Nigeria

Nigeria Weekly Humanitarian Situation Report No.5, 29 September - 5 October

Format
Situation Report
Source
Posted
Originally published

Attachments

Highlights:

  • Affected populations in north east Nigeria remain in Emergency acute food insecurity (IPC Phase 4) due to large gaps in basic food needs and high levels of acute malnutrition.

  • Over 97 per cent of 1.69 million children have been reached with Oral Polio Vaccine (OPV), 92 per cent of 1.61 million with Inactivated Polio Vaccine (IPV) and 338,181 children (6 to 59 months) were screened for malnutrition in the recently completed integrated polio outbreak response and nutrition screening campaigns in Borno state.

  • Over 2.7 million affected population have access to UNICEF supported primary healthcare services (PHC) and 89,178 severe acute malnourished children have been admitted into therapeutic feeding programmes with a cure rate of 87 per cent.

  • With UNICEF support, 489,533 affected people have access to safe water. Psychosocial support has reached 155,962 children and 83,970 children are benefitting from education services through protective and safe learning environment.

  • Constraining factors to scale up humanitarian response include under-funding, access to affected people due to insecurity, and difficult road conditions exacerbated by heavy rains affecting aid delivery.

Situation in Numbers

29 Sept to 5 October 2016 14.8 million People affected by the crisis in the four North East States of Adamawa, Borno, Gombe and Yobe (HRP, January 2016)
7 million People in need in the four North East states. (HRP, January 2016)
3.8 million Children in need in the four North East states (HRP, January 2016)
2.2 million People in areas inaccessible due to insecurity in Borno (UNICEF Situation Analysis)

UNICEF Appeal 2016
US$ 115 million *Humanitarian Action for Children (HAC), does not include inaccessible areas of Borno

Situation Overview & Humanitarian Needs

As more areas are cleared by military, increased number of displaced families are returning to their homes in newly accessible areas.

Field mission reports from various humanitarian partners including UN partners highlight that the scale of damage in newly accessible areas is immense and both displaced and returning families continue to face a precarious security situation, food shortages, economic disruption, as well as limited access to food, water and sanitation, shelter and health services in several recently accessible LGAs in Borno, Adamawa and Yobe States. The Nigeria Update from the Famine Early Warning Systems (FEWS) Network, reports that population in these areas remain in Emergency acute food insecurity (IPC Phase 4) as recent information shows larger gaps in basic food needs and suggest high levels of acute malnutrition. The Nigerian currency (Naira)has depreciated by more than 40 percent since early 2016, with the national inflation rate having increased from 17.1 per cent in July to 17.6 per cent presently, resulting in a significant increase in food prices,which is further exacerbating the food insecurity and malnutrition situation in crisis affected areas in north east.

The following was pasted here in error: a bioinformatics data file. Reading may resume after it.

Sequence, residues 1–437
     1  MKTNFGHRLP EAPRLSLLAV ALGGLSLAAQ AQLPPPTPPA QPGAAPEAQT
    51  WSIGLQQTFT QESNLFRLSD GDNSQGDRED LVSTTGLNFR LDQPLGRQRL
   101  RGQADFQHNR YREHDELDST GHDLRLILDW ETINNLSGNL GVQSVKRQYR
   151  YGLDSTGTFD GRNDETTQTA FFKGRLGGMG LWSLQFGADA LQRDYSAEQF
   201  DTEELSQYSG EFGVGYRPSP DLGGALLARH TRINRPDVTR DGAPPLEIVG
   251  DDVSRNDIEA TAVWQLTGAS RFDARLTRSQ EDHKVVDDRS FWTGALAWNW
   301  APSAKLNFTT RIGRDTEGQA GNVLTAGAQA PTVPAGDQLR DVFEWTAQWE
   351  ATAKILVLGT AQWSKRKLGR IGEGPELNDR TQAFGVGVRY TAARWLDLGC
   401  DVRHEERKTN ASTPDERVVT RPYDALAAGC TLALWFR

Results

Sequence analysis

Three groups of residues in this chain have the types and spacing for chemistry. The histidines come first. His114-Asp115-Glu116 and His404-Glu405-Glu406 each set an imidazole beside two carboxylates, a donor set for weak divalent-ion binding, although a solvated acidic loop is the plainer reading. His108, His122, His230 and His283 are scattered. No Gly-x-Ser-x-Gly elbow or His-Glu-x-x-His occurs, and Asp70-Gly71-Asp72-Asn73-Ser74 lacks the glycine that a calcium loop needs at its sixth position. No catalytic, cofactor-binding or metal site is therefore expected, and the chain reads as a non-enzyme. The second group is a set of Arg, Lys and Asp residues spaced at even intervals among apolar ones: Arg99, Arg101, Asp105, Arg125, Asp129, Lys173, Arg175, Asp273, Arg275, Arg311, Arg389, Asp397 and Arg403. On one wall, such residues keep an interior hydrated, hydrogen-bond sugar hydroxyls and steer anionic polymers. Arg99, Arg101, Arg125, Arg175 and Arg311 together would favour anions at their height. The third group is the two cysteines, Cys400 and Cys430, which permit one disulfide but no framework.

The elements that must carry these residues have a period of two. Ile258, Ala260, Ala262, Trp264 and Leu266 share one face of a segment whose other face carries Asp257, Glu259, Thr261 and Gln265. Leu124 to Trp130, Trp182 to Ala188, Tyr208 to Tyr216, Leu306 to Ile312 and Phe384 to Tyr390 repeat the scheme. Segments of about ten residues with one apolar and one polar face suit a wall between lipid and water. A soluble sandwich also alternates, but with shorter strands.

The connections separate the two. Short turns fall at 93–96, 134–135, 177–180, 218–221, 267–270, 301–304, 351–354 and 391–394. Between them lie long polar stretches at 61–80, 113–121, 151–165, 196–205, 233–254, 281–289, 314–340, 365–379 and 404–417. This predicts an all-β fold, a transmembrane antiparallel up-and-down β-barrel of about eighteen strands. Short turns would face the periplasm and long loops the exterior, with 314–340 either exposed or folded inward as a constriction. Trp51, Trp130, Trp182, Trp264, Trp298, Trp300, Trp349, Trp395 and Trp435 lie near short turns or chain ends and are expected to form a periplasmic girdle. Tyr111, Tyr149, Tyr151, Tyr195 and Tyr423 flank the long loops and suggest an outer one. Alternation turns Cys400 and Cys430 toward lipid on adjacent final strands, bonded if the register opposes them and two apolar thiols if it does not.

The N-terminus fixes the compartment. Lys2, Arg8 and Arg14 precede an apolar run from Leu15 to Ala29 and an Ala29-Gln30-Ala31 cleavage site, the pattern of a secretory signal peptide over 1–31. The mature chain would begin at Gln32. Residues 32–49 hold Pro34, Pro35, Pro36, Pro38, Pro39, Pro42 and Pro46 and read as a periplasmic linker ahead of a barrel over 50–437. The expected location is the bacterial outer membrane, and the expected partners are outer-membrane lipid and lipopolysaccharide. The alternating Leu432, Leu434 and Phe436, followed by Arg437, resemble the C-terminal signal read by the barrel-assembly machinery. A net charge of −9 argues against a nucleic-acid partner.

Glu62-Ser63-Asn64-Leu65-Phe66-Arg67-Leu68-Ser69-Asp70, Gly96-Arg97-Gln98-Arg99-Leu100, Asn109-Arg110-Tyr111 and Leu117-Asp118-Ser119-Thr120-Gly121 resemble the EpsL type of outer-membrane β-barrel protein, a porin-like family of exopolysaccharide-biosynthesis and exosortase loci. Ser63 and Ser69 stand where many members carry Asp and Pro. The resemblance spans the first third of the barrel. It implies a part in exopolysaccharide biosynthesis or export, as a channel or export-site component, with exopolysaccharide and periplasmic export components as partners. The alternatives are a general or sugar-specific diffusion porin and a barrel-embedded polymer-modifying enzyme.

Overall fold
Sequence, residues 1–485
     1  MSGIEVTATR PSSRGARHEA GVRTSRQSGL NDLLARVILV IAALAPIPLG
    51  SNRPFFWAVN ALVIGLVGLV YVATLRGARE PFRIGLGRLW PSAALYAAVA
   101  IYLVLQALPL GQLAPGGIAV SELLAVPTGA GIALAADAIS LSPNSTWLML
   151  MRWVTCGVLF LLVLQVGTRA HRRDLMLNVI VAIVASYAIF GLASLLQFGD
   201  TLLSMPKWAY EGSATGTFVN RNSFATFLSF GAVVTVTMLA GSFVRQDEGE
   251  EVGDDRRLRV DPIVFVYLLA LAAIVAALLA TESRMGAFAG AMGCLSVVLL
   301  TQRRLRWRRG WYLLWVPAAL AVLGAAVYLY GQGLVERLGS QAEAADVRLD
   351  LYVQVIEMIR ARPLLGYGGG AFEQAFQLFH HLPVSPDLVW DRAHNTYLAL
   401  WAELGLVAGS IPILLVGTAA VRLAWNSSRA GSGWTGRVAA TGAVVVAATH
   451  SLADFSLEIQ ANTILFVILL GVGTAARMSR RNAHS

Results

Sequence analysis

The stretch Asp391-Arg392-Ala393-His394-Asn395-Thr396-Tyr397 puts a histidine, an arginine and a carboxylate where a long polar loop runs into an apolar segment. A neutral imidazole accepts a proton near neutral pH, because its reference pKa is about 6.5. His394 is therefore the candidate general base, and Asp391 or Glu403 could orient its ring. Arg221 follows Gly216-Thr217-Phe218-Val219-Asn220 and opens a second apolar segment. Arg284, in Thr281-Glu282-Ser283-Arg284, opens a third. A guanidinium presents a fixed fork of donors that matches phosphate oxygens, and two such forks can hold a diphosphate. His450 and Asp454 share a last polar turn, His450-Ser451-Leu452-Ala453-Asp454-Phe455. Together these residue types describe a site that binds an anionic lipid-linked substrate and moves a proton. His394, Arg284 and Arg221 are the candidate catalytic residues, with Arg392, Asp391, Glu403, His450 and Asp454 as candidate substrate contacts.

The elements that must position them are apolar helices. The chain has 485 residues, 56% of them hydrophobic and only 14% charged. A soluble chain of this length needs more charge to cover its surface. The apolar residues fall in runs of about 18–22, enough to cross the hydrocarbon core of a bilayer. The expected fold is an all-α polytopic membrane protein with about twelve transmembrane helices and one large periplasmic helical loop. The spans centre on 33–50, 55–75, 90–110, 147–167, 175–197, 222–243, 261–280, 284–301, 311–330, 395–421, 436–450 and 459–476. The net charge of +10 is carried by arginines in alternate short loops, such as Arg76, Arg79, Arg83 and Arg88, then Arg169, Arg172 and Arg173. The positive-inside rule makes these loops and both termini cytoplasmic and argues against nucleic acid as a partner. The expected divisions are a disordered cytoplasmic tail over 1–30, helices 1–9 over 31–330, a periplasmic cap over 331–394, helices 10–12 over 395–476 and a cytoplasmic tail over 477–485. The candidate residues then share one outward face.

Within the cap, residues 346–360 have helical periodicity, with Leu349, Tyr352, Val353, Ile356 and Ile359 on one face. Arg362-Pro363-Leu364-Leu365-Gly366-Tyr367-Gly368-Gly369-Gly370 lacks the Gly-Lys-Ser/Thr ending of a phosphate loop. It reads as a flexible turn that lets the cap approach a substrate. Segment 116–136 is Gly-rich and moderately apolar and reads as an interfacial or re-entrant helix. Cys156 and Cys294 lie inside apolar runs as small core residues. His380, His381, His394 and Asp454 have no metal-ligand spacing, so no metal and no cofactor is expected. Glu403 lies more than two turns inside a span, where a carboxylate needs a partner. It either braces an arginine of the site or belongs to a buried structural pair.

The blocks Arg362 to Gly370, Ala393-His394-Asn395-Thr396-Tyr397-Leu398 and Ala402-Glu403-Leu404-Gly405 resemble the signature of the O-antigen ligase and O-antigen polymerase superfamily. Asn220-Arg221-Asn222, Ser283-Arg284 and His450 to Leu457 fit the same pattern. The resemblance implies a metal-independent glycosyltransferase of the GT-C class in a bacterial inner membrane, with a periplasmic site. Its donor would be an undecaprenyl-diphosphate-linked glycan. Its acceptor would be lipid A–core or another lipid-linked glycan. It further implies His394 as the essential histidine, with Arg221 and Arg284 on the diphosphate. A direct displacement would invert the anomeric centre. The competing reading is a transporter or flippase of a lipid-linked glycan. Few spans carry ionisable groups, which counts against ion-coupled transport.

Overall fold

Access for humanitarian actors to affected areas remains difficult. Sporadic attacks by the insurgentsalong some routes continue to be a threat for civilian, military and humanitarian convoys. Humanitarian organizations are providing some support to these communities with helicopter services provided by the UN. The rainy season has also exacerbated the problem of access to some of these areas as roads are washed out and impassable.

A confirmed case of circulating vaccine-derived poliovirus type two (cVDPV2) was discovered on 21 September in Monguno, a former non-accessible LGA of Borno state, this follows theAugust confirmation of three cases of wild poliovirus. In response, UNICEF provided timely funds and support to the Ministry of Health to assess population immunity, search for cases of acute flaccid paralysis as part of polio surveillance, and assess any potential risk of circulation of this strain.

In newly accessible areas including Mafa, Konduga, Dikwa, Bama, Monguno, Gowza, there is an urgent need to support the State Ministry of Education (SoME) and State Universal Basic Education Board (SUBEB), with provision of school tents and other school supplies. The SoME has reported that in Konduga LGA, two more schools (Konduga Central Primary School and Lawan Masta Primary School) have reopened and urgently require tents and supplies to increase access to safe learning. Additionally, school tents have been damaged due to heavy rains and wind in a number of IDP camps in Maiduguri and need to be replaced. This has been a consistent challenge and has often interrupted schooling.

UNICEF Country Representative, Chief of Field Office, and Health staff visited Muna Garage IDP Camp and Custom IDP camp Clinic in Maiduguri. There were significant improvements in terms of quality of services provided, showing good integration between health, WASH and nutrition.

With an HIV/AIDs prevalence of 1.1% in 2014, Borno state is not one of the priority states for the national HIV/AIDs response, however, the UNICEF HIV/AIDs Team is conducting a scoping mission (3 to 9 October) to assess the need for a HIV response in affected areas in Borno state given the increased vulnerabilities to HIV/AIDs and the disruption of HIV/AIDs services in camps and among the displaced population.